Jackson's force is said to be back of the first range of hils two miles south of Fredericksburg. The smoke of a large camp there was plainly seen yesterday, and the woods are fast disappearing in that vicinity, showing the presence of a large force. The rebel headquarters are plainly visible from our side through a powerful glass. Lee is supposed to be there. The position is two miles Southwest from Fredericksburg.
Fri Feb 20 1863: Justice Court.
Thomas Cornell was arrested on the 13th instant on charge of drunkenness and assaulting his wife, and brought before Wm. L. Weaver. He plead guilty on both, and was fined $3 and costs on the former, and $5 on the latter charge. Failing to pay up, he was sent to Brooklyn Â– the fifth time we believe, that he has taken the trip with Sheriff Davison. Tom says he has been in this country about ten years, eight of which he has spent in jail. He seems to rather like Brooklyn, as a place of residence.
At the same time, Lockland Brady was brought up for an assault on his wife; plead guilty, was fined $3 and costs, and sent over Â– company for Tom. Mr. Brady preferred not to go, but could not raise the wherewithal to pay up, and Mr. Davison was inexorable.
On the 18th, John Shay was brought before the same, charged with savagely assaulting his wife. John plead not guilty; but the testimony of his wife, who bore sundry marks, including a swollen and closed eye, of the severe pummeling, was conclusive, and John was found guilty and sentenced to pay a fine of $7 and cost and sent to Brooklyn.
So much for rum's doings.
Fri Feb 20 1863: Dr. Jeremiah King, who has been for several years a practicing physician and druggist and a prominent and respected citizen of this village, died on Monday morning last, after a very brief illness, from an attack of bilious pneumonia at the age of 38. He was a prominent member of the order of Masons holding at the time of his decease the office of Master Mason in the Eastern Star Lodge, of this village.
Fri Feb 20 1863: Phinney Owens, of Co. D., 21st Regiment, died at Falmouth, Va., Jan. 26. His remains were brought to Ashford for interment.
Fri Feb 20 1863: Mr. J.R. Aldrich, formerly of Plainfield, but now and for many years teacher of the High School at River Point, R.I., was ordained an evangelist, by a Council of Congregational churches at Plainfield, February 17. The order of exercises were as follows: Reading Scriptures and Prayer, Rev. C.P. Grosvenor; Sermon, Rev. A. Dunning; Ordaining Prayer, Rev. W.W. Davenport; Charge, Rev. S.G. Willard; Right Hand of Fellowship, Rev. A.A. Benedict; Prayer, Rev. T.L. Shipman; Benediction, Rev. J. Aldrich. For once a prophet is not without honor in his own country. Mr. Aldrich has been for some time supplying the church at Central Village, where he was well known as a boy, and has also received an invitation to become acting Pastor of the church in River Point, where he resides. It is understood that he will accept this invitation.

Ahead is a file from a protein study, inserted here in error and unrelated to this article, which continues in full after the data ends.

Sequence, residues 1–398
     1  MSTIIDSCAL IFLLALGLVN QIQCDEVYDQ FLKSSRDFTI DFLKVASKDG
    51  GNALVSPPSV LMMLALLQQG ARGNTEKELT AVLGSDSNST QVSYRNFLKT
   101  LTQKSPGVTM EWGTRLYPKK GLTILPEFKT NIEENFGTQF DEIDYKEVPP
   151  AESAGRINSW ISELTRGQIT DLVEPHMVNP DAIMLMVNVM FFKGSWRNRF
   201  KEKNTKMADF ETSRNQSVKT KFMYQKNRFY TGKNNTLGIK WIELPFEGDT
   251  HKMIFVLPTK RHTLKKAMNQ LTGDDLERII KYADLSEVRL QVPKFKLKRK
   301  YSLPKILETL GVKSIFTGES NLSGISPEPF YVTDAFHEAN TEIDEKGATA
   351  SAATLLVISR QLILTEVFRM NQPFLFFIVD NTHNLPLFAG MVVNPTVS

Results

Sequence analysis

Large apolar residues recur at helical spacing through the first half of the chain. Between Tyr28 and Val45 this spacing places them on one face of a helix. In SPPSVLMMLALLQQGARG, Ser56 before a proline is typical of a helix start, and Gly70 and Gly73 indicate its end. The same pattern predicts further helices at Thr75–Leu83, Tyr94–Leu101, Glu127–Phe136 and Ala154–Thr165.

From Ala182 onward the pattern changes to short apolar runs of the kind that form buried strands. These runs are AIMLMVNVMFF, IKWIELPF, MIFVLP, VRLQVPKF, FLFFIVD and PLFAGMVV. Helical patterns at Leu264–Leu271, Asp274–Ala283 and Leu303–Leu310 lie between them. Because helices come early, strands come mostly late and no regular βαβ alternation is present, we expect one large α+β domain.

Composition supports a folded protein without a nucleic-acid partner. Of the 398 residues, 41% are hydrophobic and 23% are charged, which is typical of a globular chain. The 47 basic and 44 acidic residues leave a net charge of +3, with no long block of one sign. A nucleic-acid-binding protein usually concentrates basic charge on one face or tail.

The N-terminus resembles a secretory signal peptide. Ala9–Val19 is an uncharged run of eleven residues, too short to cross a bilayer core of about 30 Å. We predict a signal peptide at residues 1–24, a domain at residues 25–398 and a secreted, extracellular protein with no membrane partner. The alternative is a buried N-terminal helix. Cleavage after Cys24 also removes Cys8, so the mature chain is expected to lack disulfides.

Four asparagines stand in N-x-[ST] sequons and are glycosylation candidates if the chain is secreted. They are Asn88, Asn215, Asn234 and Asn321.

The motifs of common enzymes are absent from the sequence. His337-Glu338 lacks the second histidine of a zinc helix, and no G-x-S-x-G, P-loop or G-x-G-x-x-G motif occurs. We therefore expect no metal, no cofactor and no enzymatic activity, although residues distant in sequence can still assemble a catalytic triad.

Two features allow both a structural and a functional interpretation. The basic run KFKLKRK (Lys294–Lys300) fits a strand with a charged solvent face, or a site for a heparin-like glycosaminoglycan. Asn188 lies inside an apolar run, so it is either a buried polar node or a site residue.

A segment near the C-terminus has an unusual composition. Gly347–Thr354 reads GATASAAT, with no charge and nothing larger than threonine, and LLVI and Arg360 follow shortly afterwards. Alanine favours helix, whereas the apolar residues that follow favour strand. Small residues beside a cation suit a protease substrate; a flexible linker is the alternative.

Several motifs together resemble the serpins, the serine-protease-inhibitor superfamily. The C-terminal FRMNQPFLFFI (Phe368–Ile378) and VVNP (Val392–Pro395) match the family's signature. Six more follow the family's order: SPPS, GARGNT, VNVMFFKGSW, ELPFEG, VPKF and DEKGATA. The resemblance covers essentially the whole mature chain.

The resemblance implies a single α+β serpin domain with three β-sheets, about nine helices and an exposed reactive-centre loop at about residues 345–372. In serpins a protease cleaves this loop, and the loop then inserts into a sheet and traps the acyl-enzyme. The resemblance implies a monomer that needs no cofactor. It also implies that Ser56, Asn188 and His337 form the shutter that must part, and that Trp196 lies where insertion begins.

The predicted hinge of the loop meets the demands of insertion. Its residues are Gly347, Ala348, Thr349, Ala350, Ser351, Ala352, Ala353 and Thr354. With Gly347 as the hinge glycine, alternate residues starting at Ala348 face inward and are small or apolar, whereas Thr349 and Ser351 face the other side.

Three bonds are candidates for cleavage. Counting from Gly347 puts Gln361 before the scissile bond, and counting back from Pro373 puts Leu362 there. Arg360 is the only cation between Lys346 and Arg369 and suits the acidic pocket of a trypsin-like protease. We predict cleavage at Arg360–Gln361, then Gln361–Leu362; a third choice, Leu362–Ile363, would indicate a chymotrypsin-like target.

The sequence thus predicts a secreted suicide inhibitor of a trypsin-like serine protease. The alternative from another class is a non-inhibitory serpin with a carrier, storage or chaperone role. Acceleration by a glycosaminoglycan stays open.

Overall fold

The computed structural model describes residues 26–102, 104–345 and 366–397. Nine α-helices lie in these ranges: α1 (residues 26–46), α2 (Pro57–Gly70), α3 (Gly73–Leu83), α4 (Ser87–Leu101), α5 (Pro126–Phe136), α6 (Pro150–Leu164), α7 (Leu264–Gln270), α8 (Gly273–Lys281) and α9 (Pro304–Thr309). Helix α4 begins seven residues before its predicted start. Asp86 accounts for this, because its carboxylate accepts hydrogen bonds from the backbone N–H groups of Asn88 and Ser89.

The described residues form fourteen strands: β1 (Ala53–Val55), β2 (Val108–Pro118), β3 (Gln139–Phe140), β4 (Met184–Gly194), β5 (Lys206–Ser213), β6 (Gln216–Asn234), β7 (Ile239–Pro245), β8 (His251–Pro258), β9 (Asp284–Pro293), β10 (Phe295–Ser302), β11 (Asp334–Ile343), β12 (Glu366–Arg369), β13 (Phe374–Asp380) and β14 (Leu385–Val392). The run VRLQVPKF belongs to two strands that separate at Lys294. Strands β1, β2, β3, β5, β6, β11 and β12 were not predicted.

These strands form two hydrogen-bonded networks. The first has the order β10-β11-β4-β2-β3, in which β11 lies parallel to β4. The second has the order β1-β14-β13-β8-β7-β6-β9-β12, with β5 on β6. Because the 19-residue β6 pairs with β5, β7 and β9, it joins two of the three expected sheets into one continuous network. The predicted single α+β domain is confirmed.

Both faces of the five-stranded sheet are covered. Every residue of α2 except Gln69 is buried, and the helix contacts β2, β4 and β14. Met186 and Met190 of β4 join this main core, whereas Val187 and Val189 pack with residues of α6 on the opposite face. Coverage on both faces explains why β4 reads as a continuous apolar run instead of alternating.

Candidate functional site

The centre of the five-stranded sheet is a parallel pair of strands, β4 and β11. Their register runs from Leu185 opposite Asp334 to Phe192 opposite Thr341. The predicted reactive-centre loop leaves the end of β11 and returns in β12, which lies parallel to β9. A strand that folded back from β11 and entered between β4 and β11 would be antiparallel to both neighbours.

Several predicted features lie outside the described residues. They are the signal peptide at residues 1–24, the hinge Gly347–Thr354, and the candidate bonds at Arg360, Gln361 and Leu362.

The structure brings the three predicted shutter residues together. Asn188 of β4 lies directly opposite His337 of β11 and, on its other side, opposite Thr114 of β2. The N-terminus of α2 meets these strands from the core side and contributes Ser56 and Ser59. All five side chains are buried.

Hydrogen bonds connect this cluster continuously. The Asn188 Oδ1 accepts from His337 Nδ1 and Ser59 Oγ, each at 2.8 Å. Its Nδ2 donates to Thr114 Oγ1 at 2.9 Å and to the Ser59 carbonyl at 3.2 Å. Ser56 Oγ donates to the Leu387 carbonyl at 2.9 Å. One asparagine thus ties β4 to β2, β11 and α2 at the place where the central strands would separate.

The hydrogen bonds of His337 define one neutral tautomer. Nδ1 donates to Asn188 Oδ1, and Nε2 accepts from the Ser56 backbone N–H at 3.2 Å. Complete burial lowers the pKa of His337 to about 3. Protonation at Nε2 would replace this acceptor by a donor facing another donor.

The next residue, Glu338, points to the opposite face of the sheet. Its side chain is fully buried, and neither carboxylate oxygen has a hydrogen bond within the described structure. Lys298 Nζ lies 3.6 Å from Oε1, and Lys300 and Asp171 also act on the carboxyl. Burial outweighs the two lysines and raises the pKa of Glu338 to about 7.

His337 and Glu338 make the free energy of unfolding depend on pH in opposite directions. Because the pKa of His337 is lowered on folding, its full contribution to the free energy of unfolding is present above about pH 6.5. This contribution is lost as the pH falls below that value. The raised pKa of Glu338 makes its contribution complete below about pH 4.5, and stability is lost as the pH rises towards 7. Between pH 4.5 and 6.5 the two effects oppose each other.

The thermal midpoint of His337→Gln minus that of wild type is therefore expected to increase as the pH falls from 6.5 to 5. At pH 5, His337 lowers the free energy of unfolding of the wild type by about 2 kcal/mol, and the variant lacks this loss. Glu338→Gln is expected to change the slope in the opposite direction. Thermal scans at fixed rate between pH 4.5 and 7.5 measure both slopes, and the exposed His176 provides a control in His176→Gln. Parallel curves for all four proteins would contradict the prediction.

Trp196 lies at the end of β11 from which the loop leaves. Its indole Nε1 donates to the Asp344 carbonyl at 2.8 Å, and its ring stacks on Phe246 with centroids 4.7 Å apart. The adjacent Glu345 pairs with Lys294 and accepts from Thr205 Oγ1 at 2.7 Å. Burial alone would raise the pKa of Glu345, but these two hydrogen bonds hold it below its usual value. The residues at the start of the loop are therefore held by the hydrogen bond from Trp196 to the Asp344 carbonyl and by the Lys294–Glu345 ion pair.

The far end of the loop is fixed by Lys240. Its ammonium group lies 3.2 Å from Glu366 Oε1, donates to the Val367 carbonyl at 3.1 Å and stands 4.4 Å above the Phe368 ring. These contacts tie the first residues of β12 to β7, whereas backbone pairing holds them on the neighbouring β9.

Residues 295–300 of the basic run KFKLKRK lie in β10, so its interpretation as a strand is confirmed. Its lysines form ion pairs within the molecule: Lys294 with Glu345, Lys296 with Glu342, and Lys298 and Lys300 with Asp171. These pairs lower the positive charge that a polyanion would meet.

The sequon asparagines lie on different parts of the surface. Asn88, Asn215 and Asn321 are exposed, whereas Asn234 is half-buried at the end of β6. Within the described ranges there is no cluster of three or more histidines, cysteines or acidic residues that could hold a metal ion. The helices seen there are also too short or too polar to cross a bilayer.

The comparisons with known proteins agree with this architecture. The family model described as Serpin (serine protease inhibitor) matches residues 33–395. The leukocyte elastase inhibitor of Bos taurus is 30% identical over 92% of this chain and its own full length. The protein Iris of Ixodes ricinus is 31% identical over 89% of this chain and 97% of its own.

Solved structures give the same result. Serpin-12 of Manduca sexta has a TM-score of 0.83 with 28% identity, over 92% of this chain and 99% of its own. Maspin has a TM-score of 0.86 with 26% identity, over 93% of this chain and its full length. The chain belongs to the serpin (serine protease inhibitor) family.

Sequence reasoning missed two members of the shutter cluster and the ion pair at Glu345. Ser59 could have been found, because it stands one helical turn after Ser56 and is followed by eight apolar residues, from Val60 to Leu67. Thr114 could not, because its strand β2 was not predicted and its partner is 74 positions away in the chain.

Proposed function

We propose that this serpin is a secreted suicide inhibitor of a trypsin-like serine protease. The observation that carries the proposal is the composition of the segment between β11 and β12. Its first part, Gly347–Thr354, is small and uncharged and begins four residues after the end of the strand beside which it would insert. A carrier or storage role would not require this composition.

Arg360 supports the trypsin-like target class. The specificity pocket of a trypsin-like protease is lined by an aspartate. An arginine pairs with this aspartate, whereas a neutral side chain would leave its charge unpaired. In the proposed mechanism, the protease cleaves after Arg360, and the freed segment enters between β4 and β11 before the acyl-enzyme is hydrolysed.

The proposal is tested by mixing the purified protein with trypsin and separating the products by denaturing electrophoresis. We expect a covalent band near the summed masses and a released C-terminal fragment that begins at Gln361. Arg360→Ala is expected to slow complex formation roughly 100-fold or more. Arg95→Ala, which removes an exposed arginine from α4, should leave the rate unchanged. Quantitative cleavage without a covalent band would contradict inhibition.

Fri Feb 20 1863: On Saturday forneoon two boys were buried by a caving in of a bank on the line of the Northern Railroad, in Montville where some workmen were engaged in making excavations. One of the lads was rescued without injury; but the other, a boy about ten years old, son of John Mahoney, of Uncasville, was completely buried, and was suffocated before he could be reached.
Fri Feb 20 1863: The Beaufort correspondent of the Hartford Times says: "The 'bully Tenth Connecticut' are here, Lieut. Martin, of Hartford, Capt. Hudson, of Manchester, and many others. All well. The Tenth comes here with an enviable reputation for courage and gallant action in the field.
Fri Feb 20 1863: The following deaths which have occurred in the Twenty-sixth regiment during the month of January 1863, are officially announced: January 4th, Henry L. Smith, Co. G, Scotland; Jan. 9th, Amos D. Barns, Co. H, Stonington; Jan. 10th, Wm. W. Church, Co. E, New London; Jan. 12th, Chas. Miner, Co. F, Lyme; Jan 13th, Geo. Miller, Co. D, Ledyard; Jan. 25th, Geo. France, Co. G, Plainfield.
Fri Feb 20 1863: Adam B. Woltert, Co. D, 14th Conn., died at the West Phildelphia Hospital February 3d.
Fri Feb 20 1863: Capt. Henry L. Abbott, of Gen. Banks staff, has been appointed Colonel of the 1st Conn. Artillery, not the 9th Conn. regiment, as has been stated.
Fri Feb 20 1863: Leander C. Wheeler, of Co. F. 16th Conn. Has been honorably discharged from the service, by reason of Surgeon's certificate of disability.
Fri Feb 20 1863: At the Republican Senatorial Convention in the 14th District, held February 18th, Gilbert W. Phillips, Esq., of Putnam, was unanimously nominated for State Senator.
Fri Feb 20 1863: Marriages.
In Columbia, February 8, by Rev. F.D. Avery, Mr. Charles N. Fuller and Miss Fanny Webler, both of Columbia.
In Stonington, February 2, by Rev. E.D. Bentley, Mr. Geo. Coats and Miss Frederika M. Koopman, both of Stonington.
Fri Feb 20 1863: Deaths.
In Willimantic, February 16, Jeremiah King, M.D., aged 38.
In Willington, January 30, Horace Holt, aged 78.
At Falmouth, VA., January 30, Phinney Owens, of Co. D., 21st C.V.
In Eastford, February 10, Amos Chaffee.
Fri Feb 27 1863: Like Loves Like. Â– "If the question was proposed to you," said Jeff. Davis in his speech at Richmond, "whether you would combine with Hyenas or Yankees, I trust every Virginian would say, give me the Hyenas." To this aspiration, every Yankee says Amen.
Fri Feb 27 1863: Surgeon Storrs of the 8th Connecticut regiment has been relieved from field duty and ordered to hospital service. He is now at the Carver Hospital, Washington.